This website is no longer maintained

Home » The North » North East » Durham Constabulary

Dog attack police seize 14 American bulldogs as a safety precaution from one address

October 22, 2014, 12:30 pm

A police investigation is continuing after a man was seriously injured by dogs in the Belmont area of Durham yesterday.

At around 1pm police were called to reports of five American bulldogs attacking a man on fields in an area between Pittington and Belmont known locally as ‘the scrambles.

Police responded and the dogs were quickly secured and taken to kennels where they remain.

A 48 year old man from Pittington was arrested at the scene for failing to keep his dogs under proper control.  He was questioned by police at Durham city police station yesterday afternoon and has now been released on bail, until late November, pending further enquiries.

The injured man a 63 year old from Belmont, was taken by ambulance to the University Hospital of North Durham (UHND) where he remains with serious non-life threatening injuries to his head and leg.

Police believe the incident unfolded when a 48 year old man from Pittington was walking his five American bulldogs with his friend, a woman in her late 60s from Sedgefield.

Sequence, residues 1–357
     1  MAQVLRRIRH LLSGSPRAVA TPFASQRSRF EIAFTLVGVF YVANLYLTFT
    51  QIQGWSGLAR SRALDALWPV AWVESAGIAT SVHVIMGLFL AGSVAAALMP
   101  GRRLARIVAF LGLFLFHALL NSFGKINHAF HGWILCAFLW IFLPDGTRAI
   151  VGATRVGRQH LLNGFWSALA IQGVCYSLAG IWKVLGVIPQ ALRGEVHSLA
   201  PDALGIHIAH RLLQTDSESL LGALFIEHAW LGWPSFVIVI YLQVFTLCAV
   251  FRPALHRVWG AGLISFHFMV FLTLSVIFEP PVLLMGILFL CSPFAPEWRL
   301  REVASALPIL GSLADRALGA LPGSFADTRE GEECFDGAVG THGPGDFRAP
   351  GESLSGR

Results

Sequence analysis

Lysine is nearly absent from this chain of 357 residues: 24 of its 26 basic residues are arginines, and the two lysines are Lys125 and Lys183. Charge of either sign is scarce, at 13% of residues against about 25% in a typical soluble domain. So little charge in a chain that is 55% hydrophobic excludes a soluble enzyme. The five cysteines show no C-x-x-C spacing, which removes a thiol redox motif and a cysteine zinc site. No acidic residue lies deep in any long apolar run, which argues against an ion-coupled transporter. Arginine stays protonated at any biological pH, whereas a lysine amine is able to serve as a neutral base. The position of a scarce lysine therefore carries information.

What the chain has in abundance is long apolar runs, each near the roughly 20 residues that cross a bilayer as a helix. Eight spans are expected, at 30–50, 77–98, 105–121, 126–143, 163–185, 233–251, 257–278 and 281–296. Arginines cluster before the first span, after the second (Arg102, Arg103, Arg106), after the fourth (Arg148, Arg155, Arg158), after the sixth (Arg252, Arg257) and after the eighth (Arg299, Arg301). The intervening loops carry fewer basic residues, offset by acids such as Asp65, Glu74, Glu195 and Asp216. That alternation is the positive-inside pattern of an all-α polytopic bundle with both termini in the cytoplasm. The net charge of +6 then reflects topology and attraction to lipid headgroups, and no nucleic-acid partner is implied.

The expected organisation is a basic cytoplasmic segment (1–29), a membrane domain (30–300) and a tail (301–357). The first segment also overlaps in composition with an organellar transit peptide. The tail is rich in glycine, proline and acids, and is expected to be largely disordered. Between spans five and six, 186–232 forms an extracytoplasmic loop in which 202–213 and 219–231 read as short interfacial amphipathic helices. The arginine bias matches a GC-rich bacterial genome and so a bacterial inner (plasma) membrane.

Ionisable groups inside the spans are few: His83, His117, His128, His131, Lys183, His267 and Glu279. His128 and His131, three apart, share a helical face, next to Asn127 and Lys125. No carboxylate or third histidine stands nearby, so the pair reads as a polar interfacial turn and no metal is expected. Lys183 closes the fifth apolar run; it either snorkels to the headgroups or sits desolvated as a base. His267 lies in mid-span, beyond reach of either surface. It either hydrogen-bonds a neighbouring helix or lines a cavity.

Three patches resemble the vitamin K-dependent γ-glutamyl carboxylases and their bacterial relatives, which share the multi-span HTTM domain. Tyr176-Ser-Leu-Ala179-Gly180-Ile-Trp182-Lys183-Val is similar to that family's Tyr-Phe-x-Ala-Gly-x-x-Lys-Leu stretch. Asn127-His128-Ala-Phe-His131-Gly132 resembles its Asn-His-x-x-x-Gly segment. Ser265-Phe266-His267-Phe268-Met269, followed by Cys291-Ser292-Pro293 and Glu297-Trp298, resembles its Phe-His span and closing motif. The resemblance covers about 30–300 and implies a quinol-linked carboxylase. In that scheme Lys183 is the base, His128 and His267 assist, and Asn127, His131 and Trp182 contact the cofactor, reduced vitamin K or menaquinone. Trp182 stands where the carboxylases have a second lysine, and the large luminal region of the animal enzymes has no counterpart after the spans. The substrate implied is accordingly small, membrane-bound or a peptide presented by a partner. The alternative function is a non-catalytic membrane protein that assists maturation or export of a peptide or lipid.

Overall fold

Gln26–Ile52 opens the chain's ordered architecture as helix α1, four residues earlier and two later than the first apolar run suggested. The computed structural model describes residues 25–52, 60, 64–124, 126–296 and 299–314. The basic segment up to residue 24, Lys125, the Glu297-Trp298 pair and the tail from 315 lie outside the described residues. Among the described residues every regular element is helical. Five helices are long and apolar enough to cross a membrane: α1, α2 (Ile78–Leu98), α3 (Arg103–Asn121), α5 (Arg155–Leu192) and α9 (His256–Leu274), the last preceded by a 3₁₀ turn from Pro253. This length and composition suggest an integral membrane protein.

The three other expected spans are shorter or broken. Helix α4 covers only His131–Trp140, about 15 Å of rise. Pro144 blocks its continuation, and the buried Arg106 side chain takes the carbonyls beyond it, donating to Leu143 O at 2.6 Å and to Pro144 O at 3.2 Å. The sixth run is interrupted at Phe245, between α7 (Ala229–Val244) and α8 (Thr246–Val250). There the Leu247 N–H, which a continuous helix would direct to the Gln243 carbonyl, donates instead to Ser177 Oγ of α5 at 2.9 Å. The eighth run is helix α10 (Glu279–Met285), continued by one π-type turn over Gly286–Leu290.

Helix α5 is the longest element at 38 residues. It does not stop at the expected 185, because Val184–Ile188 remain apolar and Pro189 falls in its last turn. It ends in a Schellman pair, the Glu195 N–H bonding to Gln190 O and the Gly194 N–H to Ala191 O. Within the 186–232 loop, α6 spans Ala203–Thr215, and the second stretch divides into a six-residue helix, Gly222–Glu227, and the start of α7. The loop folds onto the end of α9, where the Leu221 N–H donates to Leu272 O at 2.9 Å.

At the same time it appears that the 63 year old man who was injured was walking his Staffordshire bull terrier in the same area when the dogs began fighting with one another.  The owner of the Staffordshire bull terrier intervened and was bitten by the dogs.  The woman from Sedgefield was also bitten on the leg but did not require hospital treatment.

Initial reports suggested a third person had also been injured but we can confirm today that this was not the case.

The Staffordshire bull terrier was seriously injured in the incident and remains in the care of a local vet.

Neighbourhood Chief Inspector for Durham Andy Huddleston said “I can confirm that the 48 year old man owns 14 American bulldogs in total and although only 5 were involved in this incident all 14 have been taken to local kennels as a safety precaution.  This is an ongoing investigation and my officers will be in the local area speaking with people as we work to establish exactly what happened yesterday.”

Chief Inspector Huddleston added “After the events of yesterday clearly questions are being asked about this mans ability to control his animals and this will form part of our investigation.  The dogs are legally held in that they are not categorised as dangerous dogs under the dangerous dogs act 1991.  However under new legislation introduced only this week, new options are available including a local authority public space protection order.  I would like to reassure people that all available options will be considered.”

Anyone with information can contact police on 101.

101 – The police non-emergency number

101 is the number to call when you want to contact your local police in England, Wales, Scotland or Northern Ireland – when it’s less urgent than a 999 call.
Find out more information about 101 by following this link.

Copyright © 2022 Crime And Justice. Sitemap   RSS